Oh goodness, last blog of the semester. How fast did time go? I bet everyone is panicking over the intensive and overwhelming load of work we have to produce in the next two weeks. Merely insane. But we are almost there, like myself for instance, after writing this blog, I'll probably have to do about 100 and more other tasks but the break is getting so close. For the whole semester, I've been talking about how "appeal" plays a very crucial role in design particularly, as well as everything else in our everyday life. We base our decision on the appeal factor of, be it, a products, food, design, clothes, vehicles, etc. before we find out how well it performs and how long it might last. Sometime, it's all about the first impression.
Design is not just for personal use, but it's also to build a better community and a brighter future. Designers hold the key to the door of a green and better tomorrow. We are the ones who can change how things turn out and how it would affect our society, starting today. But in order to come up with impeccable design, we need energy for innovation and invention. And to obtain that, we need food. Indeed, food helps us recharge out battery so we can continue our chosen innovative path. For the past decades, food companies have been trying nonstop to develop better packaging that can keep their food well represented, environmental-friendly and healthy for their consumers. Pretty packaging is not enough, but it also has to face other issues such as consumer's age, income, theft-prevention, serving size, litter, recycling, etc. It all comes into play.
In the article "Social issues Impact Food Packaging Design", packaging supplier Dabron Packaging Company said" Ideally, plastic food packaging should be easy for just about everyone to use. At the same time, it needs to be strong enough to deter theft and to keep the food inside from spoiling or becoming damaged." They also consider how the aftermath of the products, which is how it will be treated when consumers are done with it. "One of the most significant social issues surrounding food packaging is litter. It must be noted, however, that packaging suppliers aren't the ones who strew litter about; consumers are responsible for properly disposing of their used packaging. Between recycling efforts and increasing awareness about saving the planet, litter due to packaging is likely to decrease as time goes by." It's the top concern that got packaging companies involved in the green movement by using bio-degradable and post-consumer waste for the packaging.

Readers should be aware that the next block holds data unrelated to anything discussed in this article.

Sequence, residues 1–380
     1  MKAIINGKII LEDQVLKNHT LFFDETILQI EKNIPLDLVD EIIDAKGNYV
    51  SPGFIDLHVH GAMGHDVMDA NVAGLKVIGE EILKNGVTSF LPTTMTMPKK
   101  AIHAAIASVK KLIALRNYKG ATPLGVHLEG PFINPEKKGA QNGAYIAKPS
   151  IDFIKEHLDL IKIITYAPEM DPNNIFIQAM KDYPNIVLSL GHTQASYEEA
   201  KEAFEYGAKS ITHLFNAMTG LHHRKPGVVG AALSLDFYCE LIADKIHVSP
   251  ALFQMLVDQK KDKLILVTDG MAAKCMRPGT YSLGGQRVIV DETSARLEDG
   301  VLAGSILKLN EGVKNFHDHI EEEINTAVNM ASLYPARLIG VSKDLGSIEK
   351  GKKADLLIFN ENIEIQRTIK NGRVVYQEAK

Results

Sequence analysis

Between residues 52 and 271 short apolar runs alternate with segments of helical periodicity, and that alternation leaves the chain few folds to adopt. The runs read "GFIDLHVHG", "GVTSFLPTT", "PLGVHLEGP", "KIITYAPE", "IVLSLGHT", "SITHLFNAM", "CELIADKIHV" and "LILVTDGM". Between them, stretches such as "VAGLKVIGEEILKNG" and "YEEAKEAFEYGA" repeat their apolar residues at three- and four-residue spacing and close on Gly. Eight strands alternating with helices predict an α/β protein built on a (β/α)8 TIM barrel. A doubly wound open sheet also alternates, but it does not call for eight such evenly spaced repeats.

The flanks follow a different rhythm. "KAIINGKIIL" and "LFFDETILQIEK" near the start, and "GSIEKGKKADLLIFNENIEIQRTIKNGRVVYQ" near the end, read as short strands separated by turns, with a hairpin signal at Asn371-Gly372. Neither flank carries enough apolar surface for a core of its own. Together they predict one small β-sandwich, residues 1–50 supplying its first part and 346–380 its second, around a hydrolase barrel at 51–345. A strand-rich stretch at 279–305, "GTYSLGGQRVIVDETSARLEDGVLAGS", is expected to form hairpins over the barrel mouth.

Butter comes with wooden knife for use and quick use.
Another social issue that involves design is the hybrid transit bus. But beside the fact that it uses less fuel and emit less fume, the information in this article " Hybrid Transit buses: Are they really green?" is very interesting. " Hybrid buses employ similar technology including regenerative braking, electric motors, and battery storage. One main difference is that most hybrid buses are coupling diesel-fueled engines with electric motors instead of the typical gasoline-electric hybrid configurations available in light duty vehicles. Maximizing the benefits from these buses requires optimizing the hybrid system for the transit bus routes, which might be affected by the terrain the bus travels or whether the bus frequently travels at freeway speeds or stays on city streets." Evidently, studies have shown hybrid buses have lower emission of nitrogen oxide and other smog-forming emissions than conventional diesel buses. The sleek and better design of the buss and how it uses less diesel and emit less nitrogen oxide into the environment are the main reason why transit bus company are shifting their route to a greener bus system.
Awesome hybrid bus design.